Tell the DOJ that Open Captioned Movies Must be Considered

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Off-Screen Captioing is Separate and Unequal
The US Department of Justice (DOJ) is asking the public to provide comments about their definition of Public Accommodation in movie theaters related to captioning and audio description.  We are urging everyone to call for rules supporting open-captioned movies to be displayed on movie screens when a Deaf or hard of hearing individual requests it in order to give equal access to all movie goers.

Right now movie theaters are not required to provide on screen captioning and DOJ has been avoiding any discussion of on screen captioning. Currently individuals who are Deaf and Hard of Hearing must request a pair of “captioning glasses” at the movie theater in order to watch a movie.

This means that instead of buying a ticket and going into a movie, people with hearing disabilities must buy a ticket, then go to a counter and ask for permission to use a pair of “captioning glasses” just so they can understand the movie, hope there are captioning glasses available, show their ID, then enter the theater and put on the captioning glasses that many find to be uncomfortable, and often do not work.

Any hearing person can go to the movie of their choice at any time. Hearing people do not have to ask for permission to use uncomfortable and unreliable devices just to understand the movie, nor do they have to show ID.

Off-screen captioning devices do not give Deaf and Hard of Hearing individuals equal access and the DOJ must not allow for this kind of discrimination.

Most Deaf and hard of hearing individuals prefer on-screen captioning.  Furthermore, one survey shows that many hearing people do not mind captioning, some even prefer captioning! Tell the DOJ that they need to put on-screen open captioning as priority of rulemaking discussions.

Contact the DOJ and tell them that open-captioned movies should be available by request for every movie at all times.  Along with your story, feel free to use any of the following talking points:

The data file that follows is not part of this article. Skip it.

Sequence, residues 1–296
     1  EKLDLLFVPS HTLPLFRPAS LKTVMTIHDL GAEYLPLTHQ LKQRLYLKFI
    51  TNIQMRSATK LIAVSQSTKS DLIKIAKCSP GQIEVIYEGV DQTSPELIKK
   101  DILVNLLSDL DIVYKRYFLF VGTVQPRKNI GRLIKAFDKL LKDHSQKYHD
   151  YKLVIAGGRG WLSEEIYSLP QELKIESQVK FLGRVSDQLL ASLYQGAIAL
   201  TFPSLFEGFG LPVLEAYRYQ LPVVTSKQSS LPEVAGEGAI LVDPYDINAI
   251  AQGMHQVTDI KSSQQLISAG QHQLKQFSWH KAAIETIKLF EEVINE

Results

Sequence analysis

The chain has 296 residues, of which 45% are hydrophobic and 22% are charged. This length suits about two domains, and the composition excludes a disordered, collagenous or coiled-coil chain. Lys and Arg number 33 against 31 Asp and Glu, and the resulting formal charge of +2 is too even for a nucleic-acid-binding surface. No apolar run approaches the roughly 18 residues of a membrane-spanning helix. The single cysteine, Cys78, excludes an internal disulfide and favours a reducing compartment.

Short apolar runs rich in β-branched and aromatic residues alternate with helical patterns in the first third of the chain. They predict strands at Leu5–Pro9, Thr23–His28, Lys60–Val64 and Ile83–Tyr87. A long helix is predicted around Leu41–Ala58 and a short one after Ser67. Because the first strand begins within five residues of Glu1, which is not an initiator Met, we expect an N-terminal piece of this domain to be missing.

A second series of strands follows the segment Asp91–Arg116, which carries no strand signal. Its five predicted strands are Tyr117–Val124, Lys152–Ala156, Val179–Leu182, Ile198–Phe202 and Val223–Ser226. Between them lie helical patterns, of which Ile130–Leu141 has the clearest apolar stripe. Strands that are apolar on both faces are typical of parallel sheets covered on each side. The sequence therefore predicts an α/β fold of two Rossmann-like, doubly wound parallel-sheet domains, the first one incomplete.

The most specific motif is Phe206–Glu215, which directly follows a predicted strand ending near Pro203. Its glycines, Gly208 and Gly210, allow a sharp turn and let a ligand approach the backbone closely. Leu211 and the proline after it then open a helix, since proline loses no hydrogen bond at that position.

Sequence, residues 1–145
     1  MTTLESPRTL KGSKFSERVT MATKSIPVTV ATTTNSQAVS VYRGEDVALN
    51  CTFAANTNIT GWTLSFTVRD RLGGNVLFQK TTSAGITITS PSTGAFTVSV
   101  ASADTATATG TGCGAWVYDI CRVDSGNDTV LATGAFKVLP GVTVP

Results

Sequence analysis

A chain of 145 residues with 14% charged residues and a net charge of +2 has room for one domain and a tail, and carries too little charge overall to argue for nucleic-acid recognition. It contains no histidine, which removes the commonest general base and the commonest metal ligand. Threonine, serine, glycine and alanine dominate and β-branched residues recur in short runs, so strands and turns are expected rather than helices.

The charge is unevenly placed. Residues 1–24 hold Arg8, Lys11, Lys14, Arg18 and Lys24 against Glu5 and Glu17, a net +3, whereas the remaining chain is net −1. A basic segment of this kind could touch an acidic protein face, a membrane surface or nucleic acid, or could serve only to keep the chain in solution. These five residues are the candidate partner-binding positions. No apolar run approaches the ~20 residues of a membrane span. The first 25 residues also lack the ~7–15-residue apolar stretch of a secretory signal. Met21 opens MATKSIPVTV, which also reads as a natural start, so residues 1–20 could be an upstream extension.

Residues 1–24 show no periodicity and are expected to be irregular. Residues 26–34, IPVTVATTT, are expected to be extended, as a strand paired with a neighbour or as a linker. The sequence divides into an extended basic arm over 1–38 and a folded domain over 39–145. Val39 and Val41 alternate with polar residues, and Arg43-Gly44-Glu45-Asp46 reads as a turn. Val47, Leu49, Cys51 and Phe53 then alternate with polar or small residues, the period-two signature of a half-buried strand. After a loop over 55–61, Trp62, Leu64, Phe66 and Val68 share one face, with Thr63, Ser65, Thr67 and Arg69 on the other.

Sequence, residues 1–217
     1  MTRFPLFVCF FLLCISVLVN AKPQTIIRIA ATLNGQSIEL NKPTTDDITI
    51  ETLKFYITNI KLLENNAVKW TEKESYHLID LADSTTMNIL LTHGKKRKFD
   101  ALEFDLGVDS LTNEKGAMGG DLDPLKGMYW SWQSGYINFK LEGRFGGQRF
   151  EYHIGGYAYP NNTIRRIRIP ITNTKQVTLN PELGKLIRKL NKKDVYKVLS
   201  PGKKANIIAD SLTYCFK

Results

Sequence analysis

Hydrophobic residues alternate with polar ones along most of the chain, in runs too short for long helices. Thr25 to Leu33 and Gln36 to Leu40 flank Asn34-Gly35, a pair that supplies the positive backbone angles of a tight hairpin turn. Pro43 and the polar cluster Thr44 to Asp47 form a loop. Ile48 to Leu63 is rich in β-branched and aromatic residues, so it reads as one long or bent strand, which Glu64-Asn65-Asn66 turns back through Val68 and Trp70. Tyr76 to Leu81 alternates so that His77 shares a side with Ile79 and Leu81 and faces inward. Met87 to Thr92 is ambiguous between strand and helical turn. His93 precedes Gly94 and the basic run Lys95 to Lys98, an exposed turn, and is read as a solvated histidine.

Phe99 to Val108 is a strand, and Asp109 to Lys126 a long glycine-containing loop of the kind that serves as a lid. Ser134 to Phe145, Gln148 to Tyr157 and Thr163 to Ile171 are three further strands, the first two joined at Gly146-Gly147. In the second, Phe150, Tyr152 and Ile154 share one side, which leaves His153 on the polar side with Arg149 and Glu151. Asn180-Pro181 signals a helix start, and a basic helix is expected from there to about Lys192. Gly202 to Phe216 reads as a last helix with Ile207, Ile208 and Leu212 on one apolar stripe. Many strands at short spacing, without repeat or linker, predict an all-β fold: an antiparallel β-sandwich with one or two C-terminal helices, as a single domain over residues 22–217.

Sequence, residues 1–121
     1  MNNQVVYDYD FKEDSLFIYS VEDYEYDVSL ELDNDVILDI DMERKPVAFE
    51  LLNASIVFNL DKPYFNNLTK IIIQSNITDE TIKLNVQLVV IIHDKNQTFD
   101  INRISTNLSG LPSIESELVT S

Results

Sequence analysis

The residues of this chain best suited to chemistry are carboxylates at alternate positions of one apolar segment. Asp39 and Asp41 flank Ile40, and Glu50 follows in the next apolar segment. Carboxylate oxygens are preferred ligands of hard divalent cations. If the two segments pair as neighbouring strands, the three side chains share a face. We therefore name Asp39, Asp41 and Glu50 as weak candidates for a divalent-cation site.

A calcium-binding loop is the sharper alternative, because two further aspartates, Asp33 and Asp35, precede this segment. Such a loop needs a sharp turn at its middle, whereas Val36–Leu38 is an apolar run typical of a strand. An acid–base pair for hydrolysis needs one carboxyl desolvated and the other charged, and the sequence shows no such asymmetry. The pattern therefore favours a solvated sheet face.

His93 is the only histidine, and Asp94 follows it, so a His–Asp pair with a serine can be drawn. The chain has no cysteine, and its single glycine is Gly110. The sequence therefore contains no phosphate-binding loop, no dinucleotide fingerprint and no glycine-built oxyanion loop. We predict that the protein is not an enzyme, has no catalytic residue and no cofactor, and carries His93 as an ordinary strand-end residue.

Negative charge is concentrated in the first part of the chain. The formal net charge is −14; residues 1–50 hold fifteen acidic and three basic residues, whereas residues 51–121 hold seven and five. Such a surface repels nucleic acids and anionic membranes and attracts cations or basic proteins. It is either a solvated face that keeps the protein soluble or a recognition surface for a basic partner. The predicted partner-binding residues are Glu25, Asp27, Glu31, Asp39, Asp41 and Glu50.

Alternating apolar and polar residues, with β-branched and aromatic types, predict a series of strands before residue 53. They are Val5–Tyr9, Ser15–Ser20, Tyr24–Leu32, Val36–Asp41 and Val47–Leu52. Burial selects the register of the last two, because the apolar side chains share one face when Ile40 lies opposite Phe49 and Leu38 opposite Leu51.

• Analog movie screens should be using Digital Captioning Projectors (DCP) to display captions on their screens.  Digital movie screens already have a built-in device that will display captioning by simply pushing a button. The cost for DCP is the same as buying one off-screen captioning device.  At the same time, having captions on digital movie screens are free.
  • Off-screen devices, such as captioning glasses identify people with disabilities, which is inappropriate and unequal.
  • People who need captioned movies who already use vision-correcting glasses would have to wear two pairs of glasses at the same time.  Those who go to 3D movies would literally have to wear three pairs of glasses at the same time.  Does this make sense?
  • Going to the movies is a traditional activity one does on a date.  Having to utilize off-screen captioning devices is awkward and unfair.

Currently, the DOJ is not even considering on-screen captioning. 

We need to send comments to the DOJ to push for stronger rules to support open-captioned movies to be displayed on movie screens when anyone requests it in order to give equal access to all movie goers.  On-screen captioning provides us with a truly integrated movie theater so that everyone can have the same positive experiences.

You can send your comment to the DOJ at the link below:!documentDetail;D=DOJ-CRT-2014-0004-0001

(the Comment Now button is to the right)

Share this notice on your favorite social media outlet!

Thank you,

Dean DeRusso
Deaf Systems Advocate
Regional Center for Independent Living (RCIL)

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